Interview with Dr. Lindquist

Richard Lindquist, MD, an American Board of Obesity Medicine (ABOM) Diplomate, answers questions regarding the importance of an obesity medicine physician.

What unique skill set can the obesity medicine physician bring to the bariatric surgical setting?
The obesity medicine physician in the surgical setting complements the surgical team and brings a medical perspective to the continuum of care. Early in the surgical process, they can provide medically supervised weight management and can help identify and manage preoperative risks. Next, they can support the decision making pre-surgically, optimize surgical risks, and support the surgical team as surgery becomes imminent. Ultimately, every surgical patient becomes a medical patient in follow up, and the obesity medicine physician can provide the follow up essential to long term quality outcomes.

What impact can the obesity medicine physician have on patient outcomes?
By helping the patient be prepared preoperatively, and by helping manage and minimize risks, the patient can be as ready as possible for a successful outcome. As an embedded part of the care team, the obesity medicine specialist helps identify any problems early in the post-operative time frame, and can help manage problems and provide ongoing, practical support to the patient, which the primary care physician may not be able to provide. The role can be considered similar to a cardiologist and a cardiac surgeon, both are important for the highest quality care and outcome for the patient.

Have you had the experience of working with a bariatric surgeon?
I have had the benefit of working with GREAT bariatric surgeons on a full-time basis for the past eight years. The shared values of supporting the patient and each other along the care continuum has been incredibly valuable. There have been zero downsides to our collaboration.

What is the value of working with an ABOM Diplomate specifically?
The ABOM Diplomate status indicates someone who is dedicated to staying on top of the most current knowledge and to providing the best quality patient care possible. ABOM diplomate physicians value the ABOM status as a springboard to continuing to learn and share best practices. We see more and more surgeons recognizing the value of the ABOM process and taking the exam as well. This recognizes the value of the obesity medicine content and raises the bar in understanding the value added of the obesity medicine physician. The more we understand the contributions of our complementary fields, surgery and medicine, the more complete the care of our patients will be.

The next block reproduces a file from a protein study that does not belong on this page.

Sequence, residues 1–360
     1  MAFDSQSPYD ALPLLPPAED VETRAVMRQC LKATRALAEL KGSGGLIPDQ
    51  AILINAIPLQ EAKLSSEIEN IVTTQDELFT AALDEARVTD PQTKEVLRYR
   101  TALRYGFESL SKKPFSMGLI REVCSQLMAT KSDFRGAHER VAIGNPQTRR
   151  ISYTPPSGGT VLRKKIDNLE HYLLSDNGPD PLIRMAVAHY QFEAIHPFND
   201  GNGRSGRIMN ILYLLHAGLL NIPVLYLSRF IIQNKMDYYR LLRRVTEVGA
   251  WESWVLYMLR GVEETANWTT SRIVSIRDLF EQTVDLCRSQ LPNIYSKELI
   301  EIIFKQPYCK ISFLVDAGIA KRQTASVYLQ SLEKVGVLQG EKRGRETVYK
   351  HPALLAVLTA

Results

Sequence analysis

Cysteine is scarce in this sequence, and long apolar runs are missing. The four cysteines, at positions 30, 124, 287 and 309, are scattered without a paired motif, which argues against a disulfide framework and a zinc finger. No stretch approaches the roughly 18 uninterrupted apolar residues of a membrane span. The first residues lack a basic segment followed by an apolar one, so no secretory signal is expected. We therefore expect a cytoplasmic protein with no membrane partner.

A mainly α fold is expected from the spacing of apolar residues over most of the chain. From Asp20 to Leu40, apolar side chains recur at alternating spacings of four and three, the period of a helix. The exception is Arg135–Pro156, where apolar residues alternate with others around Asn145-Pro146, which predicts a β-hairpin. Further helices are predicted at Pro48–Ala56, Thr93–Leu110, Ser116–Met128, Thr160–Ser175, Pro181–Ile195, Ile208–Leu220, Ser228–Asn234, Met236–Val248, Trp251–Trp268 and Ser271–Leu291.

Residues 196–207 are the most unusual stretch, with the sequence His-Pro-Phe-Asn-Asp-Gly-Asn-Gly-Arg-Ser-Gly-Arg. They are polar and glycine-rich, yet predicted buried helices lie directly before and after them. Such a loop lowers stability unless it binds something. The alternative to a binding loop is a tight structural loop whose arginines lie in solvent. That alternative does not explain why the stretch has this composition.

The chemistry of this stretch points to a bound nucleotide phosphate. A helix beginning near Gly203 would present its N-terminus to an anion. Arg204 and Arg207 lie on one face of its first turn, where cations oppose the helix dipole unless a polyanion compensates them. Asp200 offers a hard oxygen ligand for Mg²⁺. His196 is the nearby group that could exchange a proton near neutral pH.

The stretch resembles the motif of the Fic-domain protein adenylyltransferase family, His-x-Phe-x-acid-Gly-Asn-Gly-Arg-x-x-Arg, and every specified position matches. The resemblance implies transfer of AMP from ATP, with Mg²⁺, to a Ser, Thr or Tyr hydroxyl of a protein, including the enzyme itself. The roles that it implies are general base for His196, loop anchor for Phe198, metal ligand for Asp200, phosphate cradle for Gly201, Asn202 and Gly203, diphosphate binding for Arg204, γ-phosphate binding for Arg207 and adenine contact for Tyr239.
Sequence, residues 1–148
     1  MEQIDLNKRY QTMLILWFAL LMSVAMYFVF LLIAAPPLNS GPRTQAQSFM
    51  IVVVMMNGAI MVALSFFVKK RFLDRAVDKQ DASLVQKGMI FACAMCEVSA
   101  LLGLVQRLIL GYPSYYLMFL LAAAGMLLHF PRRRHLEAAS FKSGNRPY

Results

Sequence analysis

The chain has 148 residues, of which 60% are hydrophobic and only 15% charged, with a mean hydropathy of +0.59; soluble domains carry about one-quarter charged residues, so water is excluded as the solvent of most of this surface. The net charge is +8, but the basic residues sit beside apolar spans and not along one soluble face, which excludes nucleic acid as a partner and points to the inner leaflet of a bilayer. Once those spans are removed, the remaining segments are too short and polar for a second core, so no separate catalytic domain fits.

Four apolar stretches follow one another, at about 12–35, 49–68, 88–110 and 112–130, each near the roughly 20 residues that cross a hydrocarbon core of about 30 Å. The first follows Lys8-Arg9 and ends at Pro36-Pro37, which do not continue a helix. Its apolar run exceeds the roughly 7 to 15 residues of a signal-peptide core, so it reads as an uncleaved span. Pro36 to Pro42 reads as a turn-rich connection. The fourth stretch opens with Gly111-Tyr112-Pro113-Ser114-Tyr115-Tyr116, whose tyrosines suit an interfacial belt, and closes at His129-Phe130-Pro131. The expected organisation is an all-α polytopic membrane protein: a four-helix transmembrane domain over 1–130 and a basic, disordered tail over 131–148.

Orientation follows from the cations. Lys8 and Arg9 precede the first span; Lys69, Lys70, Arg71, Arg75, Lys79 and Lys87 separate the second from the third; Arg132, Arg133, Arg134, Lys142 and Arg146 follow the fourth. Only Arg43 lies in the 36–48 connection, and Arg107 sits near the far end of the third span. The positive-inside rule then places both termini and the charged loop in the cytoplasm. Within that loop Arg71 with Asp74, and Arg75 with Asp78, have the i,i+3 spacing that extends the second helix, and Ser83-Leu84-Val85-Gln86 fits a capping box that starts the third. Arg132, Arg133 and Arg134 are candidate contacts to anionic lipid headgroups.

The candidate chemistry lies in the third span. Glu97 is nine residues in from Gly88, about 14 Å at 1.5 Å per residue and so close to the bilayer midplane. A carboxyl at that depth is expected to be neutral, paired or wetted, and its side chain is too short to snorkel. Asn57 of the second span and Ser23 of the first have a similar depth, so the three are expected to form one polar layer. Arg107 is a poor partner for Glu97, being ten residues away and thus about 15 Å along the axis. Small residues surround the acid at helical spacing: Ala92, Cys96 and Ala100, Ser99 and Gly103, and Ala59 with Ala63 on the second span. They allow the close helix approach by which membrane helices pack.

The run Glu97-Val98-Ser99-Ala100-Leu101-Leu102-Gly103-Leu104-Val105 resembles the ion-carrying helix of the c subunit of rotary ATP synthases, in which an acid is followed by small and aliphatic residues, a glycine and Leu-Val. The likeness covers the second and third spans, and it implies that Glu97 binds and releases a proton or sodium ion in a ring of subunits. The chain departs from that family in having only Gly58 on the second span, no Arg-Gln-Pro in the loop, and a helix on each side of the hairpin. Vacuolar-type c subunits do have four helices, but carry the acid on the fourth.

Dr. Richard Lindquist is a board-certified obesity medicine and family medicine physician who graduated from the University of Washington and completed his residency at Bayfront Medical Center in Florida. Dr. Lindquist was most recently Medical Director of Swedish Weight Loss Services in Seattle where he coordinated Medically Supervised Weight Loss programs for non-surgical and surgical patients and provided direct patient care to overweight and obese patients. He is currently in private practice, and is a consultant to hospitals and health care systems to assist with planning and development of medical weight loss programs, support bariatric surgery programs and assist in the education of practitioners in care of patients with obesity.

Dr. Lindquist is actively involved in state and national organizations and has earned numerous awards and recognitions for his work, including the Obesity Medicine Association’s “Bariatrician of the Year” (2013) for his contributions in advancing the field of bariatric medicine and the Society. He also earned the 2015 Steelman-Seim Educator Award for Excellence in Academics for advancing the cause of health care through education and teaching.

Dr. Lindquist is a Board member of the American Board of Obesity Medicine, a Trustee for the American Society for Metabolic & Bariatric Surgery for the state of Washington, an Obesity Treatment Foundation Trustee, and the WA State Representative of the Obesity Society for “Access to Care.”

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By | 2017-06-02T14:00:17+00:00 April 3rd, 2017|American Board of Obesity Medicine|0 Comments

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